PTSD and the Pandemic

June is PTSD Awareness Month. There is evidence the stress of the COVID-19 pandemic has led to an increase in emotional health problems, including Post-Traumatic Stress Disorder (PTSD). What exactly is PTSD and what are the symptoms?

PTSD is a mental health disorder triggered by a terrifying event like a natural disaster, a major accident, an assault, or war/combat. The trauma of the COVID-19 pandemic has also become a trigger for PTSD symptoms in some individuals.

A study published in February 2021 found that 30 percent of COVID-19 survivors experienced PTSD. Healthcare workers, those who lost loved ones due to the virus, and those who have endured extreme isolation and hardship during the pandemic may also be at risk.

Be aware of the symptoms

Most people who experience a traumatic event will have symptoms similar to PTSD, but the symptoms decrease with time and they are able to heal. Those with PTSD become “stuck” and are unable to move past their trauma, often suffering in silence.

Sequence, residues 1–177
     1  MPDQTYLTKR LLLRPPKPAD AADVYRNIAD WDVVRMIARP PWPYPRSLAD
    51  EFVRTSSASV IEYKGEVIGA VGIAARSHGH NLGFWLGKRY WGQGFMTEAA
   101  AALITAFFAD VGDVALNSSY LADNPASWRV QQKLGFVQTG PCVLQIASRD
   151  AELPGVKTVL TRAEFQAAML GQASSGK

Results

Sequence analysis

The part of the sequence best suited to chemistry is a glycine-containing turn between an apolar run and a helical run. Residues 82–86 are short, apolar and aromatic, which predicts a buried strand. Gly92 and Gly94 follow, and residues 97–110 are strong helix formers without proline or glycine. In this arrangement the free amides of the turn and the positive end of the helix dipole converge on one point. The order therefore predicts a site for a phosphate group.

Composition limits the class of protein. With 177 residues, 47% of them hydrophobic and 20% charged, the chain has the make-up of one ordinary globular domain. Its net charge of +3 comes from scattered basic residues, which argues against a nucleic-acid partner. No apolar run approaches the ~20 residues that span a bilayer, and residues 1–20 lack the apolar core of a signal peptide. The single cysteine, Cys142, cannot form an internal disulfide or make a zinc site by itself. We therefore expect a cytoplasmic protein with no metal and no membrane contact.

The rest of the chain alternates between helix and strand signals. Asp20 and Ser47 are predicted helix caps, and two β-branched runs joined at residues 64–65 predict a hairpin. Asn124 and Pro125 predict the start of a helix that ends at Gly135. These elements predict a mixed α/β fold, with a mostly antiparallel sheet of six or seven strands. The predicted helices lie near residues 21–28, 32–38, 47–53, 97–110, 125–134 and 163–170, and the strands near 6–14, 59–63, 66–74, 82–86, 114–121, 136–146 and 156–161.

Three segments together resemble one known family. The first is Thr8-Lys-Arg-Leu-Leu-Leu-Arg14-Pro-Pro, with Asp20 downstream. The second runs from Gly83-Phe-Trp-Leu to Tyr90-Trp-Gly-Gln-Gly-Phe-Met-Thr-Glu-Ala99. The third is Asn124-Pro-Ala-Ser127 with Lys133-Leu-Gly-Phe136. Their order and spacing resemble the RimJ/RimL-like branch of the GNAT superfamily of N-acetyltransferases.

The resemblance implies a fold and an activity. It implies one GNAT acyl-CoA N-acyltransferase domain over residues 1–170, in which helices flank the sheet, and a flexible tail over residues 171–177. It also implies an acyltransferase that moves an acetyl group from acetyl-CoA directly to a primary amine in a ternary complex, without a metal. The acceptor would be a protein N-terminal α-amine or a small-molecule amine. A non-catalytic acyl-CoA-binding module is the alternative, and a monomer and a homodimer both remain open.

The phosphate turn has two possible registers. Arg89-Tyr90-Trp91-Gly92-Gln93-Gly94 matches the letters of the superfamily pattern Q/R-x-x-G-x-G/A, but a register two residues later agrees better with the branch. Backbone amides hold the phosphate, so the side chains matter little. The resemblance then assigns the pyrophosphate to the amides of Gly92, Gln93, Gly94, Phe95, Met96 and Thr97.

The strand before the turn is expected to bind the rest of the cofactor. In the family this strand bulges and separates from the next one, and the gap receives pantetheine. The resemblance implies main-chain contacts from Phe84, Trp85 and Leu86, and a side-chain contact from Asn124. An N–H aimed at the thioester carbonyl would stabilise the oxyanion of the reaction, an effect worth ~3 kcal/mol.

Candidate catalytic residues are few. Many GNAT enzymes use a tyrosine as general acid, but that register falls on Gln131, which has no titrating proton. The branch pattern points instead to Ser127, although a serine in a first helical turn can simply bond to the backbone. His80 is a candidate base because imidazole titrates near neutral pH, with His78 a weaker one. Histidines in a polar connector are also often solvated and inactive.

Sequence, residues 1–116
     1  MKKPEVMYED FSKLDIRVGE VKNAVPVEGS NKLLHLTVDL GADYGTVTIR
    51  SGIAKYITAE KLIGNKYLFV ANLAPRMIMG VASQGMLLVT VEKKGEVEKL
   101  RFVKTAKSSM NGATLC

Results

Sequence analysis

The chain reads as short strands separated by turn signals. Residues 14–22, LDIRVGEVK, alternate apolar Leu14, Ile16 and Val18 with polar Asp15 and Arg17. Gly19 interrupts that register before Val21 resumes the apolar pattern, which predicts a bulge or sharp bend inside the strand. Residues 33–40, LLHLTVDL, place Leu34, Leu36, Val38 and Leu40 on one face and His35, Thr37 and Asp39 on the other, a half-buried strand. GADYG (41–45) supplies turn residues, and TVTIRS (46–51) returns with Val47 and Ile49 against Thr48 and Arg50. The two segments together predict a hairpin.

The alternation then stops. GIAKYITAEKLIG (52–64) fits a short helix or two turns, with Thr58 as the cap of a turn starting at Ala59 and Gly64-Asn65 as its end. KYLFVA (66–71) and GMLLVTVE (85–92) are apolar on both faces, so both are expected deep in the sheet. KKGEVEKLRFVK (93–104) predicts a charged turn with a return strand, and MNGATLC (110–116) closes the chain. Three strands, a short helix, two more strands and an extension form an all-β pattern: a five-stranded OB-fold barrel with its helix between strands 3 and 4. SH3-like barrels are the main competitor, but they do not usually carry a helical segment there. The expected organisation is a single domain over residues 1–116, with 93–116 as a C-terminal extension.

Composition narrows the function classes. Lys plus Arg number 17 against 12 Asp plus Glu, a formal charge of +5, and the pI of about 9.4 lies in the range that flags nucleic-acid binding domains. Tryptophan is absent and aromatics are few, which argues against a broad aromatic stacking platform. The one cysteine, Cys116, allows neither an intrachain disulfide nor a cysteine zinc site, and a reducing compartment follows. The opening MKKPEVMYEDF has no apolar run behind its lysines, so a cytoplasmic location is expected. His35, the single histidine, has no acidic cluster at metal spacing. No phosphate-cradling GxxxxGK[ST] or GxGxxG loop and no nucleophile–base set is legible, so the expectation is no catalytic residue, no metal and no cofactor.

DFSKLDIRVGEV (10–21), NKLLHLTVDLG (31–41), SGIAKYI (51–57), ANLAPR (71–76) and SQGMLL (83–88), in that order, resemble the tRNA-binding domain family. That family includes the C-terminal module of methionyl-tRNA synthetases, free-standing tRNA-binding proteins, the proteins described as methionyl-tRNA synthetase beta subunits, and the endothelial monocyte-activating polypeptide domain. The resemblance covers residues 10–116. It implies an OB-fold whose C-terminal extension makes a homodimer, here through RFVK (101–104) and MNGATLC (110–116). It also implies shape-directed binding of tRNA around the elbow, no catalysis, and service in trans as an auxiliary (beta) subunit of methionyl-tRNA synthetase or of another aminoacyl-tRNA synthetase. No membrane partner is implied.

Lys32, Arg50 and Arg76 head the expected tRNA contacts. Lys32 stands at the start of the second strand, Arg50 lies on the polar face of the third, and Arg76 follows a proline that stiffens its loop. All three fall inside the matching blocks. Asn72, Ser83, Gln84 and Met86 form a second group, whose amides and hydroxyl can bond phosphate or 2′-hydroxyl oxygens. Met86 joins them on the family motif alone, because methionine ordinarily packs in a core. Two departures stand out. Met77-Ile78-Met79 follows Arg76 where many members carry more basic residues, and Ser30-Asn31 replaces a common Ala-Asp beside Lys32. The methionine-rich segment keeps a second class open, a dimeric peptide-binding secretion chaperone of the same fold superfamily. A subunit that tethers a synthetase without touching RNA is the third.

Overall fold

Symptoms of PTSD include:

  • Repeatedly reliving the event with nightmares or flashbacks
  • Avoiding situations or people that are reminders of the trauma
  • Experiencing an increase in negative feelings – numbness, sadness, fright, anxiousness, guilt, and shame are examples
  • Feeling jittery or on edge and having trouble concentrating, relaxing, or sleeping

A Woman’s View can help

Seeking help is the key to treating PTSD. The holistic approach at A Woman’s View means we care for more than your physical healthcare needs. We work in partnership with The Counseling Group and Kintegra Health to provide counseling services to those who are experiencing the symptoms of PTSD, anxiety, depression, and other mental health conditions. Feel free to call to schedule an assessment or visit our website for more information: